(Detroit Free Press) -- One of the largest and most influential Protestant groups in the U.S. voted Thursday in Detroit to approve same-sex marriages, bringing cheers from advocates who called it an historic moment.
Members of Presbyterian Church USA, the largest Presbyterian denomination in the nation, voted by 61% to allow pastors to perform same-sex marriages in their churches. They also voted by 71% to change the definition of marriage from one man and one woman to two people of any gender. The first proposal goes into immediate effect Saturday after the close of the convention; the second proposal still has to gain majority approval from local branches before it would take effect.
"They deserve to have the same rights," the Rev. Sharon Mook, pastor of Fort Street Presbyterian Church in Detroit, said of lesbian, gay, bisexual or transgender (LGBT) people. "People are born who are not heterosexual. ... God's love is for all of God's children."
The Rev. Robin White, a Presbyterian minister from West Virginia who is married to another woman, said after Thursday's votes, "It's a day of celebration. I'm proud to be a Presbyterian today."
White was ordained as a Presbyterian minister in 1986 but had to hide that she is a lesbian for decades. And despite being recently married, she was unable to do so in her own church.
Now, she and others can.
Presbyterians number about 1.8 million but have an influence beyond their numbers. Eight U.S. presidents, including Ronald Reagan and Dwight Eisenhower, were Presbyterians, the second-most-popular denomination among presidents.
Thursday's decision could reverberate beyond their denomination, influencing other Christian groups to allow same-sex marriages. Most other Christian denominations do not allow same-sex marriages. In 2009, the largest Lutheran denomination in the U.S. allowed ministers discretion in performing same-sex marriages, according to Pew Research Center.
White and other Presbyterians cried after the votes, which were cast at Cobo Center.
"At first, I felt a little numb," White said. "Within a few moments, I wept."
Nathan Sobers, a ruling elder in a Presbyterian church in Seattle, who is gay, also started crying.
"I was so filled with joy," he said.
At the same time, conservatives are concerned the move could divide the church and lead to further membership declines. Since 1992, Presbyterian Church USA has lost more than a million members, declining 37% from 2.78 million to 1.76 million last year. Some conservative congregations have broken away, and more could leave after Thursday's vote.
During the debate that took place before the vote, Presbyterian missionaries, some foreign Presbyterians, and conservatives expressed concern about the fallout of approving same-sex marriage.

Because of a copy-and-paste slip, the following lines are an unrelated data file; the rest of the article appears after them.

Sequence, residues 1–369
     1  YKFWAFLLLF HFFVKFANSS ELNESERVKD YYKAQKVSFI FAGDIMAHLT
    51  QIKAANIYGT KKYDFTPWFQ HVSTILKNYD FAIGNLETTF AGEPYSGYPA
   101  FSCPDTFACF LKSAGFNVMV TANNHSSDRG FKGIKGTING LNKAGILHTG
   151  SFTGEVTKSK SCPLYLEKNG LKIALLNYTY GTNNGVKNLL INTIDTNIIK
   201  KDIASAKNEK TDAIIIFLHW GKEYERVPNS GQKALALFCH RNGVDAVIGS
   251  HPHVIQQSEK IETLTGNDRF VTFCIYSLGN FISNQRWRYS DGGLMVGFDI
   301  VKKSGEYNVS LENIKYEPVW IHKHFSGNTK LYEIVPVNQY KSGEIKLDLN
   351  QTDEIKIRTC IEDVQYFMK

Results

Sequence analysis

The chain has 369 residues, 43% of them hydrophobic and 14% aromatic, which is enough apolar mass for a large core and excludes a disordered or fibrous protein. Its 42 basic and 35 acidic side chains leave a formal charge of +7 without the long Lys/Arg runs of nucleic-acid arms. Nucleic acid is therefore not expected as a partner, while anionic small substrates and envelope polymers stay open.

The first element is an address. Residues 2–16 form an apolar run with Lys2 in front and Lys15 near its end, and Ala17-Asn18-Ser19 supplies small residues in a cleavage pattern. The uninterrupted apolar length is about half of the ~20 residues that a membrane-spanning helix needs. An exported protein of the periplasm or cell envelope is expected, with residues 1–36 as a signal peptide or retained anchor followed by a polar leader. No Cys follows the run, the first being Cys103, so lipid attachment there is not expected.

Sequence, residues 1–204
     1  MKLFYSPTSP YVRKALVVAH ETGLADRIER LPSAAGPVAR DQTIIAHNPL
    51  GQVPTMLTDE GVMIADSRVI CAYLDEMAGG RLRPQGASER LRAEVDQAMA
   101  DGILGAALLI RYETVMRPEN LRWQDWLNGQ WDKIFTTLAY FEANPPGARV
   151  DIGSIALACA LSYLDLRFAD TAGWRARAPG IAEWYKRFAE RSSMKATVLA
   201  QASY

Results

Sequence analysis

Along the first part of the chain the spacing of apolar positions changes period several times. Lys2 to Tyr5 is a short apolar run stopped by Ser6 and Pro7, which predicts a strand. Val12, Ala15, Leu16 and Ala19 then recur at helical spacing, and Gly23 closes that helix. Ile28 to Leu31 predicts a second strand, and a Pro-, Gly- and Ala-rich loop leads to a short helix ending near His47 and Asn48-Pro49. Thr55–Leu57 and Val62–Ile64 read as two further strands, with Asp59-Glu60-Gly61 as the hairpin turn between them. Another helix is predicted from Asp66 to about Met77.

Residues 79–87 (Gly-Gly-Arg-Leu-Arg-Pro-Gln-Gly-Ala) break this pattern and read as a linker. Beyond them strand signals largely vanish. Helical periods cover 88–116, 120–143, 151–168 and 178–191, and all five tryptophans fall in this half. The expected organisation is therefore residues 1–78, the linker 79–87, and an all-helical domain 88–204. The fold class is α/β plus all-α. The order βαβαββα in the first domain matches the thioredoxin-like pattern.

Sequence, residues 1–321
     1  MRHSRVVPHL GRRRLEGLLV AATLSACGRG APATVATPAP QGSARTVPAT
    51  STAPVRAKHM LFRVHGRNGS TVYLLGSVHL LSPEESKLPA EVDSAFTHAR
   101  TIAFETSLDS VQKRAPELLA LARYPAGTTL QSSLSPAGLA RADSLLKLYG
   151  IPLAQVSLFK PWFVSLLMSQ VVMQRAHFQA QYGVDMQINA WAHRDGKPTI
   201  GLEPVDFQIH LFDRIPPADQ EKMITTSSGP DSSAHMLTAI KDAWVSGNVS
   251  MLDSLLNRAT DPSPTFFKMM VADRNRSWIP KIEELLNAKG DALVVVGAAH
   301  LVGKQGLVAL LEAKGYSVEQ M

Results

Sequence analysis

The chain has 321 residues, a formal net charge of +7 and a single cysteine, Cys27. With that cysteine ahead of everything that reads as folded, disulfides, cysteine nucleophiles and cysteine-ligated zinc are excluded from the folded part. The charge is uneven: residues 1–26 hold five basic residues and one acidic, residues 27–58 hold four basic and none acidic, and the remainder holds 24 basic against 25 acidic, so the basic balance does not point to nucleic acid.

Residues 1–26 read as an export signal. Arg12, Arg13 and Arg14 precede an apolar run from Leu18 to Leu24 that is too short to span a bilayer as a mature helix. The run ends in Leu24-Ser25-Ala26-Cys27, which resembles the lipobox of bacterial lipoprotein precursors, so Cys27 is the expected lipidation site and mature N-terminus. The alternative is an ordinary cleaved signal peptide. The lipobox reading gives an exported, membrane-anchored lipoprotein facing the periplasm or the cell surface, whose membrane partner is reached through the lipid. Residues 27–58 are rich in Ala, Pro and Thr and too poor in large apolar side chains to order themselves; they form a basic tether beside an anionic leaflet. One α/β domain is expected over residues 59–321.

The director of world Presbyterian missions said approving same-sex marriage could "divide us from some of our global mission partners."
A Presbyterian man from Pennsylvania said people who are backing gay marriage are acting as "agents of the state," not as "ambassadors of Christ."
And a Presbyterian woman from North Carolina worried that changing the definition of marriage means "we will lose ... churches."
Presbyterians from the Arab world and Africa also expressed concern, given that many in the areas where they work don't approve of homosexuality.
The moderator of the assembly, Heath Rada, acknowledged the tensions within the church, saying that some will feel "anger, wrath, pain" over approval of same-sex marriage, while others will be "feeling blessed."
Before the votes were cast, he urged members not to cheer or be emotional, but to pray together, which they did.
But later, applause and cheers broke out across the floor.
Scott Miller, the pastor of the Drayton Avenue Presbyterian Church in Ferndale, said he believes the vote is the "first step in the right direction."
"I think there are many in the church who feel this is a matter of justice and that we believe God calls us to be a people who are committed to justice and seeing justice served in the world," Miller said. "The one point I think is worth emphasizing is that by no means is it forcing clergy to do something against their conscience. It simply allows present clergies who live in states where same-sex marriage is legal, the freedom to perform a marriage ceremony."
LGBT advocates said they were amazed by the high percentage who voted for both proposals. Two years ago, at the last Presbyterian gathering in Pittsburgh, a proposal to allow same-sex marriage was defeated 52%-48%. Since then, the cultural landscape has changed, with 19 states now allowing same-gender marriage.
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